A recent article in “Trustee Magazine,” suggests adding a nurse to a hospital board of trustees is an often overlooked position. With 3.6 million nurses in the United States, only 5 percent of hospital trustees are nurses. Northeastern Health System falls within that five percent with the addition of Nurse Carol Choate, who has served on the hospital board of trustees for 15 years.
“Nurses have a comprehensive understanding of patient care that helps drive decision making, whether it be about quality, finance or outcomes,” said VP of System Clinical Operations at NHS, Amy Williams. “As healthcare continues to evolve, it is important to have a collaborative approach, and nurses must have a seat at the table.”
The contributions nurses make as board members in hospitals are quantifiable. “A University Health System Consortium analysis found a correlation between the number of nurse trustees at hospitals and better performance in both quality and safety. Having a nurse on the board also creates a work environment that leads to higher retention rates for staff nurses.
“Staff level clinical representation is valuable,” said NHS VP of Patient Care, Donna Dallis. “Carol is able to look at it from the board, the hospital, the community and the staff’s perspective.”
The traditional board makeup has leaned heavily on trustees with financial backgrounds, such as bankers and business executives. But that focus on the balance sheet and developing new lines of business has needed adjustment over the past decade as payers such as Medicare and many large insurers have begun demanding quality-of-care information and improvement. Nurses, who spearhead many quality improvement initiatives, are also tied intrinsically to both staff and patient satisfaction.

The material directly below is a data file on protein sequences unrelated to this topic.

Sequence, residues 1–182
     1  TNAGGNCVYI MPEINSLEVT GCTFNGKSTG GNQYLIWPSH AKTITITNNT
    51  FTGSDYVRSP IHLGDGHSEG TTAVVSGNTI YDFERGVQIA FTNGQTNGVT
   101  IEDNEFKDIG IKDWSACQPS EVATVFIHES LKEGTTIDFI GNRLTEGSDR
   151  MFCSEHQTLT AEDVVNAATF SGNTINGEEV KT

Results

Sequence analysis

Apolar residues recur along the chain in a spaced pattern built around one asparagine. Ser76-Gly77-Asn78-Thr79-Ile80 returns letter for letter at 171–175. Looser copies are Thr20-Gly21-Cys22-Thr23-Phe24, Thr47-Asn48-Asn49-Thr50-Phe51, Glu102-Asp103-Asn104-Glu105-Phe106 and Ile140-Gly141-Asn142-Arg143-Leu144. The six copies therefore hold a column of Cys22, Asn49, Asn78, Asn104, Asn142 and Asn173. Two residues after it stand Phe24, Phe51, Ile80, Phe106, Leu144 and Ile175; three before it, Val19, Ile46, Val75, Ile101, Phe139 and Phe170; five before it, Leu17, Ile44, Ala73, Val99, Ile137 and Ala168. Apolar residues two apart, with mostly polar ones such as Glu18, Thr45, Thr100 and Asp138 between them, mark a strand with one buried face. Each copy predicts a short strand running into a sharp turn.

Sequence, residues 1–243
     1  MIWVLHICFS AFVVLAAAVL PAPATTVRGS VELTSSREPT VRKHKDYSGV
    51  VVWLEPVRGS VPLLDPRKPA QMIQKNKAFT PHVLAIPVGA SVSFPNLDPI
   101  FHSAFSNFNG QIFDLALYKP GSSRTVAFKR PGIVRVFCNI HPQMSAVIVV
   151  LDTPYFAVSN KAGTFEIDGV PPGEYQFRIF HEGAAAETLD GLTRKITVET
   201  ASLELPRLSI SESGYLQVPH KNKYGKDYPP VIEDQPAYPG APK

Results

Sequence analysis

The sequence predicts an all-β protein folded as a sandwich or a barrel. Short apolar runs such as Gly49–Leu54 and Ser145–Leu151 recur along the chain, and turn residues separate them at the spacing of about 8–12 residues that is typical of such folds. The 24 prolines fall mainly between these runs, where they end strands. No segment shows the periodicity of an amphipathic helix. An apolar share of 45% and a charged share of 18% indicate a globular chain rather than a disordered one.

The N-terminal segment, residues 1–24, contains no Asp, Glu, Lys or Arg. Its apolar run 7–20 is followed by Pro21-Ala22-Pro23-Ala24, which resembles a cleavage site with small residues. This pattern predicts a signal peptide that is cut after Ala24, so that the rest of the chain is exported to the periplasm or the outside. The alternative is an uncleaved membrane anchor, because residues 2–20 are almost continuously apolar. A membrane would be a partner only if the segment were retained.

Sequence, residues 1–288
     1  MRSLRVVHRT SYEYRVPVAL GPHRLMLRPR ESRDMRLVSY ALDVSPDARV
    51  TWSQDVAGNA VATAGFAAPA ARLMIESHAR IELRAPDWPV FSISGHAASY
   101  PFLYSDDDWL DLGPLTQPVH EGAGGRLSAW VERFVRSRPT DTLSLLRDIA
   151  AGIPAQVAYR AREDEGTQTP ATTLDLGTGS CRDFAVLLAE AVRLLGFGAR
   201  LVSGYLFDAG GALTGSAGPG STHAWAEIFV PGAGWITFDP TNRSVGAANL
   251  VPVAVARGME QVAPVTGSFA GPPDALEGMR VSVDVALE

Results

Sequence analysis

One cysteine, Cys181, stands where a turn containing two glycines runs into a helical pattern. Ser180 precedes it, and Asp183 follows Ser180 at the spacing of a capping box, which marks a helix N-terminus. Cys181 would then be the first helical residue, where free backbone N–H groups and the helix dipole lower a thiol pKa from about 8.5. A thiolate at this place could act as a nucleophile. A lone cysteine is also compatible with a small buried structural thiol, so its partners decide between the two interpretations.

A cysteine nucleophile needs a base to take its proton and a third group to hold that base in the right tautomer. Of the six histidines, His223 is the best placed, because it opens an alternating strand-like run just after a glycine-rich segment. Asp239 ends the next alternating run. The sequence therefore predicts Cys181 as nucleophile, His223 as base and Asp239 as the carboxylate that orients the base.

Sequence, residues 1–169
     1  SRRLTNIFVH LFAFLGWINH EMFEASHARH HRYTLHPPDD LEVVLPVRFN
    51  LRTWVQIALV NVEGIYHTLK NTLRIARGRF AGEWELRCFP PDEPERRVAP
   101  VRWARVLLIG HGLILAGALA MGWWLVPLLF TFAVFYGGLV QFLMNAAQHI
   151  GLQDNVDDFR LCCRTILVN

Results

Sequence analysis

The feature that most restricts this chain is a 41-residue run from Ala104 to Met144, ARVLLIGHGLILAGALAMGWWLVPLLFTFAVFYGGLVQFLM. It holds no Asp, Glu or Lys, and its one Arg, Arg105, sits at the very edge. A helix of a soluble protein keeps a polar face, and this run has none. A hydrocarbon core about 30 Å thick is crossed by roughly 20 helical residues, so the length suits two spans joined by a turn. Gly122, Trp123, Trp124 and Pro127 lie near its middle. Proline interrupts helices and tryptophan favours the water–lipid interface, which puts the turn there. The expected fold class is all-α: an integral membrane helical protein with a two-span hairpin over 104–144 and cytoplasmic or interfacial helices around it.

“I believe Carol’s knowledge and experience influences the decisions that are made by the board,” said Williams. “She is an advocate for patient care and community health. As chair of our Board Quality Assurance committee, she can advocate for programs that contribute to the wellness of our patients and employees.”
Choate’s fifty years of nursing experience are an invaluable tool to the NHS board, as she has worked for many of the organizations the health system partners with. She has worked for W.W. Hastings Indian Hospital, Northeastern Health System, the Cherokee County Health Department, Northeastern State University where she taught nursing, and now as the Cherokee County Tobacco Settlement Endowment Trust Healthy Living Program grant coordinator for the Cherokee County Health Services Council.
For Choate, making a difference in the health of her community continues to drive her nursing career.
“Being a nurse for fifty years, I have taken care of patients suffering from preventable diseases due to tobacco use and obesity. The health of every Oklahoman can be improved through preventing and reducing cancer and cardiovascular disease through the reduction of tobacco use, addressing physical inactivity, poor nutrition and obesity,” said Choate. “The only way you can change population health is through changing the environment through policy change. Those policies include Tobacco Free Environments, increased opportunity for physical activity and access to healthy foods.”
Choosing the right nurse trustee, rather than simply filling a spot on the board, is of vital importance.
“Overall Carol is just a great person, who is fun-loving and such a positive influence for others in the field of nursing,” said Williams. “Her service to this hospital has been invaluable and we look forward to working with her for many more years.”